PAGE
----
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# 1.3 Algorithms

Completion requirements

**What is an Algorithm?**

Any time you need a plan which requires a series of steps to accomplish a task you have a type of algorithm. For the purposes of writing code, an algorithm must do do things. First,

__it must solve the problem or deliver the desired results__and second,

__it must be efficient__!

Algorithms are everywhere. A recipe for baking a cake is an algorithm, the steps you use to solve a math problem is an algorithm and the order in which you prepare breakfast is an algorithm. Even the routine you follow every morning getting ready for school is an algorithm.

Example:

1. Get the cereal bowl from the cupboard.

2. Get a spoon from the drawer.

3. Get the cereal from the pantry.

4. Get the milk from the fridge.

5. Put a measured amount of cereal in the bowl.

6. Put a measured amount of milk in the bowl.

7. Eat the cereal.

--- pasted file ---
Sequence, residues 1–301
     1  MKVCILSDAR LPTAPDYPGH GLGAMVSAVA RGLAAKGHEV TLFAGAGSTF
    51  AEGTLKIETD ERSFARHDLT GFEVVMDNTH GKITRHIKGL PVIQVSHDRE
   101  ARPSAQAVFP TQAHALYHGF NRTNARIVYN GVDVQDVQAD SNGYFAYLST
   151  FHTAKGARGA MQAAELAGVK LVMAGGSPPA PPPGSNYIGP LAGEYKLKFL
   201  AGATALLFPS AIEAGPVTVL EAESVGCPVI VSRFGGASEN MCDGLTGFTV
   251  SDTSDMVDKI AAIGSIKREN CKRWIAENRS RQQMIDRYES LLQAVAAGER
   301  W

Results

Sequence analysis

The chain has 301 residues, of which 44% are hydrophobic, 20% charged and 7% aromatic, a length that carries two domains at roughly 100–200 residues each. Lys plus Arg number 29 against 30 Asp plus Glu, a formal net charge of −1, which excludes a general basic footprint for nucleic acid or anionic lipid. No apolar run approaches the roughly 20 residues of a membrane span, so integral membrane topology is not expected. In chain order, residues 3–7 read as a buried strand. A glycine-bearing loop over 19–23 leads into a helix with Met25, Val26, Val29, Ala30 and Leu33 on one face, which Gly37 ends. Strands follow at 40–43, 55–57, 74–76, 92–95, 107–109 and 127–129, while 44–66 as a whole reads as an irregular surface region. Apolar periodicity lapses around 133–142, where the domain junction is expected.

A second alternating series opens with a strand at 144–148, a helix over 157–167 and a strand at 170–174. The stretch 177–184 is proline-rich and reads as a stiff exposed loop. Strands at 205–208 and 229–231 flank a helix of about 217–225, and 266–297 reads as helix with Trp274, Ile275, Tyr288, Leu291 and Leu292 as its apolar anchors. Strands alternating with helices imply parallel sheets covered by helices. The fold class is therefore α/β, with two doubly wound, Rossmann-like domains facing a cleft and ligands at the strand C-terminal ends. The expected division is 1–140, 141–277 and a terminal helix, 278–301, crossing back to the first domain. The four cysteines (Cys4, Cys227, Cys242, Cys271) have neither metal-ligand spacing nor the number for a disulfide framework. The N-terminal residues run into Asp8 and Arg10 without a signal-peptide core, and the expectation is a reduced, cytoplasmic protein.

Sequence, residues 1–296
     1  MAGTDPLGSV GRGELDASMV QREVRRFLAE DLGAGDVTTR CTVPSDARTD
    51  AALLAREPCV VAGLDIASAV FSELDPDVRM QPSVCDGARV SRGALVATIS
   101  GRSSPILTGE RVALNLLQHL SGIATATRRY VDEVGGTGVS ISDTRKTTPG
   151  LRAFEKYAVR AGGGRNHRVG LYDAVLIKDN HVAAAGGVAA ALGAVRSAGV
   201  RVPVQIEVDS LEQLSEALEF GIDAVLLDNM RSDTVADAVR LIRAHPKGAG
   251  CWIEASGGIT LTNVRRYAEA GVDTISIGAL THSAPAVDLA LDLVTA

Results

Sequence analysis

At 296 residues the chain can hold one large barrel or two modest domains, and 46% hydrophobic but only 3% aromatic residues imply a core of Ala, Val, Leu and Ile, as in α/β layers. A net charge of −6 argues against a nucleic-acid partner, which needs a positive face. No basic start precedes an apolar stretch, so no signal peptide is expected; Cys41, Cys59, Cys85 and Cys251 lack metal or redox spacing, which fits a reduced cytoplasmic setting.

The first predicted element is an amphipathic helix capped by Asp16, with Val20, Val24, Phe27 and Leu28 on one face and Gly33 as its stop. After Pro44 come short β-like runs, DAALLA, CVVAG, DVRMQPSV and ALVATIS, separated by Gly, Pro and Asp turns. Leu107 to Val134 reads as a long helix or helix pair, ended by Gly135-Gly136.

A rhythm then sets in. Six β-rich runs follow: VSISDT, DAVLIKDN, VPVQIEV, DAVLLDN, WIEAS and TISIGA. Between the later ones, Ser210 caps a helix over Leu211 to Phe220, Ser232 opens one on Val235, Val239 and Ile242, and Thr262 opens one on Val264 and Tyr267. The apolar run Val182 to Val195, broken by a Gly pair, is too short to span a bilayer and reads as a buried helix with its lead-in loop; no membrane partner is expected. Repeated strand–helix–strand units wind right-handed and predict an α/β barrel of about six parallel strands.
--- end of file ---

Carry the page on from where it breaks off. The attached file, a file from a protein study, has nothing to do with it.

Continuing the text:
8. If you are still hungry go to point 5 and repeat.

Note that the instructions are very specific and we don't assume that
the computer knows anything. If we don't tell it where to find the
cereal bowl then it will not get one.2. Get a spoon from the drawer.

3. Get the cereal from the pantry.

4. Get the milk from the fridge.

5. Put a measured amount of cereal in the bowl.

6. Put a measured amount of milk in the bowl.

7. Eat the cereal.

8. If you are still hungry go to point 5 and repeat.

Prime Numbers

(click on the NEXT button to see the example).

Please watch this video introducing algorithms.

In order to write an effective program you must have a plan. An algorithm is the plan. Remember that as you saw in the video, an algorithm must do two things. First is must solve the problem. Second, it must be efficient. If the solution to the problem does not work in all cases, or if there is a shorter way to solve the problem, then the algorithm must be improved.

NOTE: Every program you write must be accompanied by the algorithm you used to plan the coding process.

Please have a look at the Guessing Game.